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Hard Money Loans: A Good Alternative

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When financing through a bank is not an option, hard money loans are a good alternative. Considering a hard money loan is a multi-tiered process. And like with all kinds of loans, there are requirements and risks to know about before considering getting started with one. Since hard money loans are a little different from traditional bank or credit union loans, it’s important to know the key discrepancies in order to make the wisest decision for your loan.

What exactly is a hard money loan?

Hard money loans are privately-funded loans secured by real estate. Contrary to loans provided by conventional lenders, hard money loan amounts are based on the value of the subject property. The term usually lasts about 12 months, but can be extended for a couple of years, with required monthly interest payments. Since hard money loans are primarily concerned with the property’s value, borrowers can still have a chance of being approved despite a foreclosure or short sale if they have sufficient equity in their collateral property.

Who should consider hard money loans?

Real estate developers and house flippers usually use hard money loans when they plan on renovating a property and reselling it for profit. An investor who’s been rejected a loan by a bank, whether because of insufficient income history, foreclosures, credit issues or other concerns will opt for a hard money loan, which brings us to the next question.

What are the requirements for hard money loans?

Almost any type of property can suffice to receive a hard money loan, including multi or single-family residential’s, land, industrial and commercial.  Credit score isn’t much of a concern for the lenders,  so long as the buyer has the capital to pay off the interest.

Lenders focus on the “after repair value,” or ARV, when considering whether to make the loan. This is an estimate of what the property’s value will be after it’s been renovated or repaired.

What are the risks in hard money loans?

With every loan there comes a risk. Since hard money lenders actually take on more risk than conventional lenders, there is also more risk on the buyer’s side. Interest rate is one of these, with the average rates rating from 12 – 18% depending on the lender and region, roughly 10% higher than conventional loans. Since hard money loans are so convenient, their origination and loan-servicing fees, along with closing costs are likely to be higher as well. Hard money loans also feature much shorter repayment periods, which is why it’s important to make an accurate estimate for how long it’ll take the property to become profitable.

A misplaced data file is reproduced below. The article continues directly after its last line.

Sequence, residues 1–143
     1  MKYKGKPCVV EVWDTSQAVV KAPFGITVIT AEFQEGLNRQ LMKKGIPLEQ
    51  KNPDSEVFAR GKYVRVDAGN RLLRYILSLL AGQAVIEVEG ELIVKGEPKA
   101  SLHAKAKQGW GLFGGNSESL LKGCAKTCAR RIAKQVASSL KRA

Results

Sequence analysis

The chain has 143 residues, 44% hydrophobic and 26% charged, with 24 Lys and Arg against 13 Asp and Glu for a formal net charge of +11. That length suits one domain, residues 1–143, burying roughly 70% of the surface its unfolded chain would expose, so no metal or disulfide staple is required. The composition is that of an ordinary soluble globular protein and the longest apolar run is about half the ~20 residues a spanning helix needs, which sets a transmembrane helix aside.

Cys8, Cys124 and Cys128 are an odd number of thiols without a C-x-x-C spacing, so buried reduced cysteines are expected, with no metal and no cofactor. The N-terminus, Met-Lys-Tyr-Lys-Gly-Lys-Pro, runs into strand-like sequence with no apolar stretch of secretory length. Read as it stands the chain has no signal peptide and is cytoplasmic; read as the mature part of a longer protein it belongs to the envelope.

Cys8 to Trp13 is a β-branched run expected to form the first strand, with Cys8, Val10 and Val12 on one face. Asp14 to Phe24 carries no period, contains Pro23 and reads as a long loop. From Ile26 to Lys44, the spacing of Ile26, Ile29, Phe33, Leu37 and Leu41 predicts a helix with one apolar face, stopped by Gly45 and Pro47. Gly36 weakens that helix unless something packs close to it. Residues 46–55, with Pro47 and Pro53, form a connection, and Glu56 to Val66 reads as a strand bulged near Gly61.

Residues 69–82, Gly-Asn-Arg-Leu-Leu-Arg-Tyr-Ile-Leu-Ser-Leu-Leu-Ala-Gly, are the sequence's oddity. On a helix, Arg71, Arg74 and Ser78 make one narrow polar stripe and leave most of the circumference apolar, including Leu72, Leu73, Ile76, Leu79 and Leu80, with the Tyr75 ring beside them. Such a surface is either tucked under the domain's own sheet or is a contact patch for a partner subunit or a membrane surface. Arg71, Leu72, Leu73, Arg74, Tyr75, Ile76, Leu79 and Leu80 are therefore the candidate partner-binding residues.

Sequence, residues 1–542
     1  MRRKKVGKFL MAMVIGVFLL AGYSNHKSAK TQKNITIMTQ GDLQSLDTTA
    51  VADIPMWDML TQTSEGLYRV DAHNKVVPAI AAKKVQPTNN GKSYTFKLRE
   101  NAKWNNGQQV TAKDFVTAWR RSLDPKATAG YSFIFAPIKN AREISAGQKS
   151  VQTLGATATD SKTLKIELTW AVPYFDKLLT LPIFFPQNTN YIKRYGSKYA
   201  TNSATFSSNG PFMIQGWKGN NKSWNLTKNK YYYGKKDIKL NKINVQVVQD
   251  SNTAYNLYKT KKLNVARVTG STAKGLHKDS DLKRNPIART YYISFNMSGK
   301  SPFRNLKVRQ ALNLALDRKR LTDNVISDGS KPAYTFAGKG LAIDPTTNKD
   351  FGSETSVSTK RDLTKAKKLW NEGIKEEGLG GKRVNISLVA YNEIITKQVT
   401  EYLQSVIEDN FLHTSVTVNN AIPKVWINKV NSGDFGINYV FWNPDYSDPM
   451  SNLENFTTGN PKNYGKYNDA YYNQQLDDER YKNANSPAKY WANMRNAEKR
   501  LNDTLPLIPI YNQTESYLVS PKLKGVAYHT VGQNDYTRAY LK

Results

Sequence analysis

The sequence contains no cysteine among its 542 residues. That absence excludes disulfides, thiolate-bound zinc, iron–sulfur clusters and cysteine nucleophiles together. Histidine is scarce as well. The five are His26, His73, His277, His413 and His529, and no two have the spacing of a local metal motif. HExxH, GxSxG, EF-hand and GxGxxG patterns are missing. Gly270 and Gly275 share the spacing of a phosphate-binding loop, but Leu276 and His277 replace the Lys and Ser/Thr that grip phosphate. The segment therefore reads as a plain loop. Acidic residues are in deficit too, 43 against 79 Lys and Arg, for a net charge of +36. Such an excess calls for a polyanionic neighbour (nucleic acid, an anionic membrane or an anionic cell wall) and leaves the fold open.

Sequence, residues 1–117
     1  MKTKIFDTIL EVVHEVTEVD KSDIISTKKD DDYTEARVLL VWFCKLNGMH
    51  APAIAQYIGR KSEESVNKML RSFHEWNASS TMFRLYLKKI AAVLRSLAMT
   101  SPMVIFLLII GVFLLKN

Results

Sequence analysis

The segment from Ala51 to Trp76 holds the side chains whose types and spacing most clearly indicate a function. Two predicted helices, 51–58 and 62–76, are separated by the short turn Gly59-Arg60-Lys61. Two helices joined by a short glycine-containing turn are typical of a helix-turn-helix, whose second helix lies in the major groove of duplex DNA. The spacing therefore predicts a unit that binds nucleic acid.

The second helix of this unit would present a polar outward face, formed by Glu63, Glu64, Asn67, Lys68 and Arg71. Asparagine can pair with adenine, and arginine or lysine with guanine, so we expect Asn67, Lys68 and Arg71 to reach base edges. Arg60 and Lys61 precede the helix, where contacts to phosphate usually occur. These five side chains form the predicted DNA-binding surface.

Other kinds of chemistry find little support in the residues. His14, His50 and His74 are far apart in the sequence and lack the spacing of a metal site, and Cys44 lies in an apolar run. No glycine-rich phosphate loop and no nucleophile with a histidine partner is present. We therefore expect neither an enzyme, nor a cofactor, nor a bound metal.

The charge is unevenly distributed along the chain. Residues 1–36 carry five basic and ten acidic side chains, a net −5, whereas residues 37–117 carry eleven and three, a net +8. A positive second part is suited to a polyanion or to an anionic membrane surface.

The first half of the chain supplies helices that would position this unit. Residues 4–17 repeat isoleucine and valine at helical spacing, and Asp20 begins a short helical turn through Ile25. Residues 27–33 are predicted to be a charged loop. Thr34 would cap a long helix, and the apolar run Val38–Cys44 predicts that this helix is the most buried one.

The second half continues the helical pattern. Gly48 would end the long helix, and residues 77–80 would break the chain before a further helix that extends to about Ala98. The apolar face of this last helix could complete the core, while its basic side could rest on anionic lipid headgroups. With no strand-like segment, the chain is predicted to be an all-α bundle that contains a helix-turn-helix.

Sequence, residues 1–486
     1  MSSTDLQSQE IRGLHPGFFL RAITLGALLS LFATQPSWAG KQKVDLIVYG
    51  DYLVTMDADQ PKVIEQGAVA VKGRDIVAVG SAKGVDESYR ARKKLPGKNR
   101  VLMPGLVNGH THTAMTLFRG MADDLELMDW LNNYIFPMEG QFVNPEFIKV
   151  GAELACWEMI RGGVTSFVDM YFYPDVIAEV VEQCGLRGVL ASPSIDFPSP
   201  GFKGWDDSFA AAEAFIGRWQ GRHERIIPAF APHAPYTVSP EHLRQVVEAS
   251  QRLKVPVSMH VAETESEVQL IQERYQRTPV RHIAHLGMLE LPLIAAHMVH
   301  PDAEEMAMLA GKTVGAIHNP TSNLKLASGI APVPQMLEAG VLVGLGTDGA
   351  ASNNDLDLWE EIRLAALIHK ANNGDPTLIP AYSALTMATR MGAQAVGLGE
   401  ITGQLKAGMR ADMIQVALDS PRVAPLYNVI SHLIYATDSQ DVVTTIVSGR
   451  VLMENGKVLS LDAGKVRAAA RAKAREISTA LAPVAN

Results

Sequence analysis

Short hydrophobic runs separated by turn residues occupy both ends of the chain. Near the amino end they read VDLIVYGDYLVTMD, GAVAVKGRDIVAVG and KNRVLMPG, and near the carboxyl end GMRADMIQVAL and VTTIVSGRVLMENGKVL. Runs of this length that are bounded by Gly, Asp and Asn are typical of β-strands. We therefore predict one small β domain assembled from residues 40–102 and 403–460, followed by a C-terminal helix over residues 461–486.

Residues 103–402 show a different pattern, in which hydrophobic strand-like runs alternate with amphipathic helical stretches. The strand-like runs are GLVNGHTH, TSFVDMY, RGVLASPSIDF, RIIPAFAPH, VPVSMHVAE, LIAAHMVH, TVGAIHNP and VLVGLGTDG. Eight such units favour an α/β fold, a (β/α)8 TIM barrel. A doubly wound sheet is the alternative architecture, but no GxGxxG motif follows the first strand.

What are the benefits in using hard money loans?

Hard money loans are sometimes referred to as “last-resort” loans. This is because they almost completely eliminate the massive time consumption that comes with applying for a regular mortgage. Contrary to conventional loans, which can take months to close on and puts investors at risk, hard money loans can be funded within a week and the application process generally takes a day or two. This is especially convenient for investors who are trying to acquire a property with several competing bids. Hard money loans are also more flexible than conventional ones. Since they’re provided by private lenders, borrowers can often tailor the terms to their needs, such as the repayment schedule and other fees.

The last word

If you’re a real estate investor who’s trying to get a seller’s attention and set their offer apart on a property with many competing bids, hard money is the way to go. By making sure you have the equity to pay the interest rates, making an accurate estimate of your property’s ARV and working with a reputable hard money lender, you’ll be fully equipped to fund your real estate deals with a hard money loan.

The Annual Percentage Rate (APR) for payday loans varies in each state and depends on the advance amount, fees, and terms of the transaction. The APR for a $100 single-payment payday loan may range from 260.71% to 782.14% on 14 day terms. As a member of CFSA, Check Into Cash abides by the spirit of the Fair Debt Collection Practices Act (FDCPA) as applicable to collect past due accounts. Delinquent accounts may be turned over to a third party collection agency which may adversely affect your credit score. Non-sufficient funds and late fees may apply. Automatic renewals are not available. Renewing a loan will result in additional finance charges and fees.